"Of course," Stadter agreed. That's what combat medics did. They were their own brand of crazy. Lowther would never wish anyone harm, but he'd eagerly pile on to help if it happened.
Vela said, "One of the lifeboats is failing. Crewman aboard reports power dropping, using backup oxygen. Their transponder is for crap, too. I've got their trajectory tagged." She waved her screens. "At emergency max we could just reach them within a seg of oh two exhaustion, but we'd have to get aboard and pop our own bottles, and we'd need backup within twenty segs."
Another flush rushed through his neck and brain. Emergency maximum meant they might get aboard a boat of panicky, hypoxic passengers, and might release enough O2 to keep them alive until someone else might arrive…in the meantime, people they definitely could recover would die.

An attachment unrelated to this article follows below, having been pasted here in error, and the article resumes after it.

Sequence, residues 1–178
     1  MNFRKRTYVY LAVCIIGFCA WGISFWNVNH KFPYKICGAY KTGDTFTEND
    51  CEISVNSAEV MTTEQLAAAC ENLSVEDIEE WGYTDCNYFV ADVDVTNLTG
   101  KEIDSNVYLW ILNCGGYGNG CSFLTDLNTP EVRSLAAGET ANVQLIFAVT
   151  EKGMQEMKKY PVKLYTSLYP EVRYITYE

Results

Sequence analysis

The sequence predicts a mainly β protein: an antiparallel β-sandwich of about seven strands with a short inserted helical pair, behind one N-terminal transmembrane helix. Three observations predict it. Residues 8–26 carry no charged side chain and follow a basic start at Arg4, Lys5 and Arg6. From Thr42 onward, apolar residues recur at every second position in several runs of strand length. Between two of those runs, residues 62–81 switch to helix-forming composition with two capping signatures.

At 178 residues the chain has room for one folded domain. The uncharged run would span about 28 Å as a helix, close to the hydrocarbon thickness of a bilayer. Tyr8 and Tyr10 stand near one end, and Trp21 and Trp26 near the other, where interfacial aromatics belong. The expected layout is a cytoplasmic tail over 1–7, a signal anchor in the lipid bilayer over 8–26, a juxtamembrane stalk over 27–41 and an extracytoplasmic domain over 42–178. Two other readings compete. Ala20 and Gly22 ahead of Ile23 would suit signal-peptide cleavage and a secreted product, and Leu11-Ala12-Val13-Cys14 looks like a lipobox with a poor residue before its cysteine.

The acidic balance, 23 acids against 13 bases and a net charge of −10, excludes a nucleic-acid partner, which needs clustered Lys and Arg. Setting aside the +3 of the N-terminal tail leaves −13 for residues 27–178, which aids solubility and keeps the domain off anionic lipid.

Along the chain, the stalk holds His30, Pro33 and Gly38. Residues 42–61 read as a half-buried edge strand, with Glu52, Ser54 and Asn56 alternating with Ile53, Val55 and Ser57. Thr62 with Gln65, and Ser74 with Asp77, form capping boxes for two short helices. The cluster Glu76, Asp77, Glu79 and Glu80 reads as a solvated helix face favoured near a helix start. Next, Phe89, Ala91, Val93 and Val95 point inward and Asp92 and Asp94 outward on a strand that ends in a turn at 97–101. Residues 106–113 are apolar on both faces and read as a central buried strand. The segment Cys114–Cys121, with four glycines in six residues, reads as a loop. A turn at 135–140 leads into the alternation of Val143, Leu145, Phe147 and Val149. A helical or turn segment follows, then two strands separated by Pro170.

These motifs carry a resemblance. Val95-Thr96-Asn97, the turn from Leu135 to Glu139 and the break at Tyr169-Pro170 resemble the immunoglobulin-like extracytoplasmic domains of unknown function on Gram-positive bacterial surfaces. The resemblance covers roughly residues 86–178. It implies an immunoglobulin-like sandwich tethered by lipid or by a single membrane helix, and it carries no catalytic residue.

He ordered, "Tag any small vessel with spare oxy to check them out if they're still hanging on at that time. Circumstances may change." His stomach roiled. He couldn't pray for them to die, but if it happened, it would make the practical and moral decisions about everything else a lot easier.
"Understood, sir," she said, in an emotionless monotone. Triage was part of reality, but that didn't make it pleasant.
Sergeant Lowther said, "Sir, I realize this may not be the best time, but it is in fact a good idea to eat something and drink a little. We're past mealtime and won't have time later."
He shuddered. "The thought of food makes me ill, but you're right. What's easy?"
"Chicken broth and orange electrolytes."
"Yes, I can muscle that down. Some for everyone. Hot, please."
Warrant Leader Rem Bowden felt a curious mix of thrill and fear. Every mission had an element of risk, and this one was passable for now, but would be high aboard that boosting bomb. At the same time, this was a real world mission. It beat the hell out of endless training.